Mrs. Robinson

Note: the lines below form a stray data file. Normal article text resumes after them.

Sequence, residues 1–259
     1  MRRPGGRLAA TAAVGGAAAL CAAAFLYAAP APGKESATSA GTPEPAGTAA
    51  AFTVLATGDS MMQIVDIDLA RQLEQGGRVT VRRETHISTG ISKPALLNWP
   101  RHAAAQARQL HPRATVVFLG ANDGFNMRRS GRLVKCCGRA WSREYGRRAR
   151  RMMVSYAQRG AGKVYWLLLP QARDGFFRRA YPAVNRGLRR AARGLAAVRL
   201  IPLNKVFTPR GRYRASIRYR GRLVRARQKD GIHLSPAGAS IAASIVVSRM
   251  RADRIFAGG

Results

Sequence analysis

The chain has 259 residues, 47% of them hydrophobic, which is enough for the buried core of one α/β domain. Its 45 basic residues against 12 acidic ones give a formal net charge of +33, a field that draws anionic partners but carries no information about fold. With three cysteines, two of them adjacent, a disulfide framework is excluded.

The mellowest indictment of soul crushing conformity. Just because Simon & Garfunkel are mellow doesn’t mean they’re not socially conscious. If anything, it makes their words more resonant. Paul Simon wrote this song at Mike Nichols’ behest, for the now classic soundtrack of The Graduate. At the time, serious rock musicians were not expected to dip their toes into the world of Hollywood, even in peripheral ways, because selling out and stuff. But the counterculture embraced The Graduate, with the music being a large part of its appeal, and the movie’s popularity helped nudge Simon & Garfunkel on to greater fame. That film, though certain punchlines now sound dated, has held up well; being bewildered and frustrated by the expectations placed upon you by milieu that raised you is a near universal part of growing up. Most of us go through a Benjamin Braddock phase of aimless ennui. For me, as I’ve grown older, my sympathy has shifted towards the character of Mrs. Robinson, the glamorous cougar who drinks and screws away her bitterness at having relinquished the best years of her life to a man she doesn’t love, a child she never wanted and a life of material comfort that brings her no joy. The unhappy conformity of the Robinsons was a nascent feminist catalyst for a generation of women determined not to make Mrs. Robinson’s mistake. Unfortunately, a lot of people still do, and the American suburbs are still filled with wives and mothers who would trade all the creature comforts of the middle class for a chance to take back their youthful autonomy. We may have more options in life than Mrs. Robinson did (or Benjamin for that matter) but we don’t necessary grasp them, and the pressure to choose a ‘good’ life over a fulfilling one hasn’t gone away either. The figure of Mrs. Robinson remains relevant.

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